CROPPER, CURTIS HENRY
Name: Curtis Henry Cropper
Rank/Branch: O3/US Navy Reserves
Unit: Fighter Squadron 151, USS CORAL SEA (CVA 43)
Date of Birth: 02 August 1043
Home City of Record: Paso Robles CA
Date of Loss: 05 April 1970
Country of Loss: North Vietnam/Over Water
Loss Coordinates: 180857N 1075859E (ZF156091)
Status (in 1973): Killed/Body Not Recovered
Other Personnel in Incident: Lt Tom Terrill, rescued.
Source: Compiled by Homecoming II Project 30 April 1990 from one or more of
the following: raw data from U.S. Government agency sources, correspondence
with POW/MIA families, published sources, interviews. Updated by the P.O.W.
SYNOPSIS: The USS CORAL SEA participated in combat action against the
Communists as early as August 1964. Aircraft from her squadrons flew in the
first U.S. Navy strikes in the Rolling Thunder Program against targets in
North Vietnam in early 1965. The next year, reconnaissance aircraft from her
decks returned with the first photography of Surface-to-Air Missile (SAM)
sites in North Vietnam. The A1 Skyraider fighter aircraft was retired from
the USS CORAL SEA in 1968. The CORAL SEA participated in Operation Eagle
Pull in 1975, evacuating American personnel from beleaguered Saigon, and
remained on station to assist the crew of the MAYAGUEZ, which was captured
by Cambodian forces in 1975. The attack carriers USS CORAL SEA, USS HANCOCK
and USS RANGER formed Task Force 77, the carrier striking force of the U.S.
Seventh Fleet in the Western Pacific.
LT Curtis Cropper was a Radar Intercept Officer (RIO) assigned to Fighter
Squadron 151 onboard the aircraft carrier USS CORAL SEA. On april 5, 1970,
he launched with his pilot, LT. Tom Terrill, in their F4B Phantom
fighter/bomber on a combat mission into North Vietnam.
Following the mission, Terrill and Cropper were returning to ship when their
aircraft suddenly caught fire and they were forced to eject. The forces of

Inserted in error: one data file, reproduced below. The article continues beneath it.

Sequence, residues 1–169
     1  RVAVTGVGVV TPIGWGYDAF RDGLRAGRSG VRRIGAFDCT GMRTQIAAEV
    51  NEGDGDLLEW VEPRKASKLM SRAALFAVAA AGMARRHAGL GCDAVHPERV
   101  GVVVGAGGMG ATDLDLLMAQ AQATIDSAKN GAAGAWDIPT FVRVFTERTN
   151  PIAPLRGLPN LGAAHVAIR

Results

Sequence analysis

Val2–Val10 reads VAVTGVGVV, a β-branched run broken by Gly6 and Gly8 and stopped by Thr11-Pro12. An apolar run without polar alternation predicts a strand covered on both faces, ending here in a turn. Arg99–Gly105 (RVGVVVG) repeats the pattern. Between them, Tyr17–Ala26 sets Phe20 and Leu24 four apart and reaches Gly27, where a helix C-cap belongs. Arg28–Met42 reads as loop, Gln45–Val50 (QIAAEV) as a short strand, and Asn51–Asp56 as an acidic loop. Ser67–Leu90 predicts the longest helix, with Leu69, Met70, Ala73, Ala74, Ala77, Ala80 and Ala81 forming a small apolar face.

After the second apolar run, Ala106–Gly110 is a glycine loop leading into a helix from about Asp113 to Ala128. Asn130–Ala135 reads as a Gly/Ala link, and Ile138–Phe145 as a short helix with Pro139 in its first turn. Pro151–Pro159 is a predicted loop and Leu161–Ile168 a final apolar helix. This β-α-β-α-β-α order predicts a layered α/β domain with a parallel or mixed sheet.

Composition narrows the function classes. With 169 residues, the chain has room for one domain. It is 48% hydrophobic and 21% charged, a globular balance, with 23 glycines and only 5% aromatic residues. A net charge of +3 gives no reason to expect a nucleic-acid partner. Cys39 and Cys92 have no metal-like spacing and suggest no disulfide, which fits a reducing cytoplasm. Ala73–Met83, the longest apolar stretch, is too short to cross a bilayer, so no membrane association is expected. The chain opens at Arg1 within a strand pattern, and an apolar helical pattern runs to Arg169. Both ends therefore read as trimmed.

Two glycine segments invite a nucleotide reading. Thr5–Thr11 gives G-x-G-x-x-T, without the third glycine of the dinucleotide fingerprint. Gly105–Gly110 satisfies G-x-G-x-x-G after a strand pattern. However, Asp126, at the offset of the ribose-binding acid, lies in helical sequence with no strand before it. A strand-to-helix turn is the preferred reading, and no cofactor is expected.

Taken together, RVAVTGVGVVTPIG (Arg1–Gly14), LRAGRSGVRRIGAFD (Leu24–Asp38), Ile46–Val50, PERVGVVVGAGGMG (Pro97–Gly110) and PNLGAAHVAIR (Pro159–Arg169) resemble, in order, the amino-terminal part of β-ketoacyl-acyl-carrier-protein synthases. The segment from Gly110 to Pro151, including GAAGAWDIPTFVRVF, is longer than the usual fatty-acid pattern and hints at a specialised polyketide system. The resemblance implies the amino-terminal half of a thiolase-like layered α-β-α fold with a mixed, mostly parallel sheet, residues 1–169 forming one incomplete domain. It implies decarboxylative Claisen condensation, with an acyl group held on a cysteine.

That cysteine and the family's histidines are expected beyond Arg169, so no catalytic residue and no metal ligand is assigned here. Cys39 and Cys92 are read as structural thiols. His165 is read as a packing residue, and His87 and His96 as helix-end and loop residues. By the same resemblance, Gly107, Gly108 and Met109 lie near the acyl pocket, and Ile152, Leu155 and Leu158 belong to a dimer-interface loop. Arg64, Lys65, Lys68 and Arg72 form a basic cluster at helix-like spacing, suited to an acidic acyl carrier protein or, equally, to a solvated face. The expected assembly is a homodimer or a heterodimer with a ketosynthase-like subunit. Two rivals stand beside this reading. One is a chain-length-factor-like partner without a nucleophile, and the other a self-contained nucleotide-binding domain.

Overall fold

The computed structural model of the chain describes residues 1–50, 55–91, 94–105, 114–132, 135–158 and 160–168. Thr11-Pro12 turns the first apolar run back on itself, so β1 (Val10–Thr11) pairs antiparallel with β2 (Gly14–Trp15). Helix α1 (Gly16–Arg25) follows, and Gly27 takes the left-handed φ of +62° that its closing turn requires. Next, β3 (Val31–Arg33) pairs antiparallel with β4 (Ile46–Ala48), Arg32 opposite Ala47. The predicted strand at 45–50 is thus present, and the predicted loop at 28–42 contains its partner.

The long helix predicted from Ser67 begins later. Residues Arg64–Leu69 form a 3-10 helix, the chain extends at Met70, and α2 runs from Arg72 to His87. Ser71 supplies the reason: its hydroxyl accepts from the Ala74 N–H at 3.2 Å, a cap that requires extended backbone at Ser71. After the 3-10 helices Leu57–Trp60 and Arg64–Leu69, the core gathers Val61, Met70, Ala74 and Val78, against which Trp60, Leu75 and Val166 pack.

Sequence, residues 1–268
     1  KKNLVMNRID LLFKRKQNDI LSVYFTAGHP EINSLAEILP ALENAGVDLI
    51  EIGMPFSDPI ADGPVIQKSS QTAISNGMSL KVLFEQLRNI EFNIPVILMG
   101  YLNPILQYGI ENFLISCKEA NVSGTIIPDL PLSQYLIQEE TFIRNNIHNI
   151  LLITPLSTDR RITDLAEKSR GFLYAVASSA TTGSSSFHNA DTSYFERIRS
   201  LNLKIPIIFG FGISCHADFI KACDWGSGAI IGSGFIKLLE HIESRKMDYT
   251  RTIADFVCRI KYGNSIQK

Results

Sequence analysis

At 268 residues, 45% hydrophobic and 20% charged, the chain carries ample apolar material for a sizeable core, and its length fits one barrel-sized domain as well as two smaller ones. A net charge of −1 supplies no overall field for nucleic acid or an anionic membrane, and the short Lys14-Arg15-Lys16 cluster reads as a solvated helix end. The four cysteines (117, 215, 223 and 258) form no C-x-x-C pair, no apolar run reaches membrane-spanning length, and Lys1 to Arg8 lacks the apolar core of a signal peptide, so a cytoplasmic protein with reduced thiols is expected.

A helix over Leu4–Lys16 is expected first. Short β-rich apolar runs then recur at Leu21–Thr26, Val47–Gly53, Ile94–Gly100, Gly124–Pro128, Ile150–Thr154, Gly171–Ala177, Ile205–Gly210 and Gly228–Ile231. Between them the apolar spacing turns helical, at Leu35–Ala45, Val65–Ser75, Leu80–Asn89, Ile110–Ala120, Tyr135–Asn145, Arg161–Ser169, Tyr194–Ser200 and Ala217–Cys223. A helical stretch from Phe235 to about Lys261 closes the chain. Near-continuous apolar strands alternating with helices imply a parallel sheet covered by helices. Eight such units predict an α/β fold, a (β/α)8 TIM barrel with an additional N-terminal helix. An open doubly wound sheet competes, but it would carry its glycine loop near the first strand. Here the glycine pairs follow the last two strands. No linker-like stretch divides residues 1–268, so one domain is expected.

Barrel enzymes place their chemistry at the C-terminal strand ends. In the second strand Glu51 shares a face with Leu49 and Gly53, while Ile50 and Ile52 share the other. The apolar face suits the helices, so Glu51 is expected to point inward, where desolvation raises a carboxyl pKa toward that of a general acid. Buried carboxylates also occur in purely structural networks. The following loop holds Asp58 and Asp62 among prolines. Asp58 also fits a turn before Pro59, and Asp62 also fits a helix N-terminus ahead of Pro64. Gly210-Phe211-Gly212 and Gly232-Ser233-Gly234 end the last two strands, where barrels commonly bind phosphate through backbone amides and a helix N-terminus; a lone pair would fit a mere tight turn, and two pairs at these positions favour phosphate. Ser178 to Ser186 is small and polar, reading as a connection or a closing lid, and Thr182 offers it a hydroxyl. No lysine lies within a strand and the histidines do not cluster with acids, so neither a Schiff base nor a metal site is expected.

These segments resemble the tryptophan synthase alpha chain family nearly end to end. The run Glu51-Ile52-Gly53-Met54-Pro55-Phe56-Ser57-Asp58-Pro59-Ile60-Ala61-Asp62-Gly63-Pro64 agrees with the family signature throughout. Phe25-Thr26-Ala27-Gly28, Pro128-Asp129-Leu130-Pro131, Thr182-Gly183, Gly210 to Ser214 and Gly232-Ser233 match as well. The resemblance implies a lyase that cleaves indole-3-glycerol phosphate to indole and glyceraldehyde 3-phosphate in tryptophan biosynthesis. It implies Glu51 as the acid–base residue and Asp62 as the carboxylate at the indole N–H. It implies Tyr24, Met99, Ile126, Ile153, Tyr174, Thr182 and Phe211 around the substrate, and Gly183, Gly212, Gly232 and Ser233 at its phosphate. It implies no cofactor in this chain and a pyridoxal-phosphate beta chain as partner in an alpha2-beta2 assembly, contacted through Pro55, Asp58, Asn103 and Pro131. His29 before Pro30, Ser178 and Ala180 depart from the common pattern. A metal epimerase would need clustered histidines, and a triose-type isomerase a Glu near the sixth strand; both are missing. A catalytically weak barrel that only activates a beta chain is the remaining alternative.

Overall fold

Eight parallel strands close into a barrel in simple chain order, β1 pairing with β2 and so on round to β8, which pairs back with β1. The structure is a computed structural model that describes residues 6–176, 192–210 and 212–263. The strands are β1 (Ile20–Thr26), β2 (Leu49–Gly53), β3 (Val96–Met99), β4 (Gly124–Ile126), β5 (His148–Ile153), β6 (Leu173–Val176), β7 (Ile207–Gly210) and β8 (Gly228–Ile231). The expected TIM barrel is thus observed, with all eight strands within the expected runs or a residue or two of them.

the ejection, combined with the high speed, stunned them both. LT Terrill
was recovered alive in the water, but LT Cropper was unconscious when he hit
the water, and was unable to inflate his life jacket and raft or to detach
himself from his parachute. The parachute disappeared from the surface of
the water in no more than a minute's time. Search efforts did not locate LT
Cropper. He was listed as Reported Dead. Because no remains were found, LT
Cropper is also listed as Body Not Recovered, and his name is maintained
among the rolls of the missing. The incident is not considered to be
About fifty in every 1000 Americans lost in the Vietnam war were either
captured, missing, or unaccounted for. 591 of these were returned at the end
of the war, lucky releasees who came home alive. A number, like LT Cropper,
will never come home. The majority of those "MIAs" could be accounted for by
the Vietnamese by return of remains known to be held in Vietnam, transfer of
information, or access to crash or loss sites.
But well over half the men maintained on missing were lost under suspicious
circumstances. Many were alive and describing to would-be rescuers the rapid
advance of the enemy. Some were photographed or wrote home from prisoner of
war camps, only to disappear.
Since the war ended, nearly 10,000 reports relating to Americans unaccounted
for in Southeast Asia have been received by the U.S. Many officials now
believe that hundreds of these men are still alive today, waiting for their
country to come for them. While LT Cropper may not be among them, someone's
father, son or brother is. It's time we brought our men home.